I'm running a python script to do some statistics and the actually memory which used is low,about 10%.And no other process cost more memory.However,when i use free -m and it shows that almost 95% memory has been used.The point is that my script should do a lot of read from files,so i wonder if there's any mechanism of Linux memory cache that caused the problem?echo 1 >> /proc/sys/vm/drop_caches works,but it seems manually.How can i reduce the memory cost and doesn't make a bad effect on reading files?

2 Answers 2


The Linux kernel automatically caches files in memory for efficiency. This is not a bad thing. When running free -m you will see on the right the amount of memory used in the cache. If an application needs the memory the kernel will free some of the cache. You should not try and manage it yourself.


I don't think you have an actual problem here.

Why do you care how much total memory is being used? Is it hurting anything?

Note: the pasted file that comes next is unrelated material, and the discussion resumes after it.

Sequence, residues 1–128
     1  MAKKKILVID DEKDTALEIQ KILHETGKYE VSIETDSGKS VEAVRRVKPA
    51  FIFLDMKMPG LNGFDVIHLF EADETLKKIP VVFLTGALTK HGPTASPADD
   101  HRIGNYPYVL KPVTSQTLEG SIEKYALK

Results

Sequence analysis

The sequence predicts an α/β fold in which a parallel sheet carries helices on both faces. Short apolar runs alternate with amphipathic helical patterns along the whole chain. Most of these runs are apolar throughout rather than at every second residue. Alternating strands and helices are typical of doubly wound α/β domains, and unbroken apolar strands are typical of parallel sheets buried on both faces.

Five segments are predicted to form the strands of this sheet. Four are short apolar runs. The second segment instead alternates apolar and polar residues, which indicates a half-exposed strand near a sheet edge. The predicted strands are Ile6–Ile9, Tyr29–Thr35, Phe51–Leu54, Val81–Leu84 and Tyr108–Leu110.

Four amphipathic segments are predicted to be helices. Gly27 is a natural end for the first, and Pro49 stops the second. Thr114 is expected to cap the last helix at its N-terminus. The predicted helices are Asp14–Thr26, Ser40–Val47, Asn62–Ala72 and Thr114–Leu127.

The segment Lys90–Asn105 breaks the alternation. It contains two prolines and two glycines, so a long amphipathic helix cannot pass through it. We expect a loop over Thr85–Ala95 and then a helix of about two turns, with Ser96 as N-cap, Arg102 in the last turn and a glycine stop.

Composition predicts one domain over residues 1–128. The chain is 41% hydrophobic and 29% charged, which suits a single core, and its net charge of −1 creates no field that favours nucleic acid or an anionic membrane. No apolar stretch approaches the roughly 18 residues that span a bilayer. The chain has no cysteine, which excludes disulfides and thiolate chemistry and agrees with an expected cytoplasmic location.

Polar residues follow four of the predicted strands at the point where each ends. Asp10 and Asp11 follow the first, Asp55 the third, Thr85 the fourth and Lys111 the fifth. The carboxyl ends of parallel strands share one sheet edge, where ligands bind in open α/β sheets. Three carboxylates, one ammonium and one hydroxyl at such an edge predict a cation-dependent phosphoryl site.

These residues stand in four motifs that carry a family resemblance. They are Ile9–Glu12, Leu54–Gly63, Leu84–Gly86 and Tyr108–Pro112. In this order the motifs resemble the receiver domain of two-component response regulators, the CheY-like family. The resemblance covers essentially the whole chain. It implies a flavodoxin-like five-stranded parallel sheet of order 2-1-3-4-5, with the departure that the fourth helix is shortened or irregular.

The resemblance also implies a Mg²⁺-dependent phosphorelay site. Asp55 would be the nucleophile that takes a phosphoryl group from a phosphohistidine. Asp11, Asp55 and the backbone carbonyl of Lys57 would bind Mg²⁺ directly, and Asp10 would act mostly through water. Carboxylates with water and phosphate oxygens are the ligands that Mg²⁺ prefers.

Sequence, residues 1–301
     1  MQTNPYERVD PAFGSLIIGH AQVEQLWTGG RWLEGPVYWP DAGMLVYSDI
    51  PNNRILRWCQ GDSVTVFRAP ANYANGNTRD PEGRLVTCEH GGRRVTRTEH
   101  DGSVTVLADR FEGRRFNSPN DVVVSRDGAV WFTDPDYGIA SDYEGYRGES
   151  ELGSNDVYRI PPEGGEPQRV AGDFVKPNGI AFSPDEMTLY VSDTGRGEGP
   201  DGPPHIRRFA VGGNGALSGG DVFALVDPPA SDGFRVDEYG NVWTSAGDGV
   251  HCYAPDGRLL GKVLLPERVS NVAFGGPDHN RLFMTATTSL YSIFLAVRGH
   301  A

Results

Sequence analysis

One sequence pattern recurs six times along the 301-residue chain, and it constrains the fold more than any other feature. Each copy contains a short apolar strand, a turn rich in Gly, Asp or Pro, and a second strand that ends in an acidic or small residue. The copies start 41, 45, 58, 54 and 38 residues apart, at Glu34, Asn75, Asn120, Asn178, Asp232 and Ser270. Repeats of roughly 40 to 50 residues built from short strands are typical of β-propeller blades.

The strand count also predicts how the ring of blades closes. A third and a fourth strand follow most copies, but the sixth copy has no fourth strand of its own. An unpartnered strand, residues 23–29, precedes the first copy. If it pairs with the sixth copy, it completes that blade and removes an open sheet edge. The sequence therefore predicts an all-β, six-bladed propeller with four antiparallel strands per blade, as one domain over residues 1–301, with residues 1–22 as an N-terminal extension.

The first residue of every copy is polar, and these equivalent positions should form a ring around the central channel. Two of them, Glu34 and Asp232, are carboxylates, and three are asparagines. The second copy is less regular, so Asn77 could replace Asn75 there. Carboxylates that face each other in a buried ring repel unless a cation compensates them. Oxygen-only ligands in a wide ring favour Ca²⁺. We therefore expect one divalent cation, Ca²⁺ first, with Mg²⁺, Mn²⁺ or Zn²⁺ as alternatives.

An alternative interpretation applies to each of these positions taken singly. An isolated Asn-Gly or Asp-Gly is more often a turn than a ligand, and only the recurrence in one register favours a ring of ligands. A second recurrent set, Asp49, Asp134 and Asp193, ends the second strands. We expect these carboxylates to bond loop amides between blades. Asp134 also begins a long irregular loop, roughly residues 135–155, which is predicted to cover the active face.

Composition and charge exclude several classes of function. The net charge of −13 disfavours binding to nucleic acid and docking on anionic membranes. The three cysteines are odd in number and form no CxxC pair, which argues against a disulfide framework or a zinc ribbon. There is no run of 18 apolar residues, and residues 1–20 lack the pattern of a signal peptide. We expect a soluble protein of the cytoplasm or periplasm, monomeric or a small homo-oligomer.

Linux tries to use your memory as efficiently as possible. If you've got tons of free memory, and you're reading lots of files, it'll use the free memory to cache those files. If you've got tons of active memory, it'll use a lot less memory for caching. That's the way it's supposed to work. If you don't want the memory to be used at all, take the chips out of your computer.

There are some uncommon cases where lots of caching could be bad. Maybe the burst of reading always happens right before a burst of memory allocation. Maybe something about your specific case means there's no possible benefit, and you need to squeeze out that last 0.1% performance cost. Maybe you're on an embedded system that uses RAM with a limited lifetime. If you have such a case, tell us what it is.

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    well,actually the problem is that the script doesn't takes too much memory, nearly 10%,and my machine does nothing else.When I read the data into memory, the python got a MemoryError which shown there were not enough memory exists.
    – rpbear
    Sep 28, 2012 at 9:39

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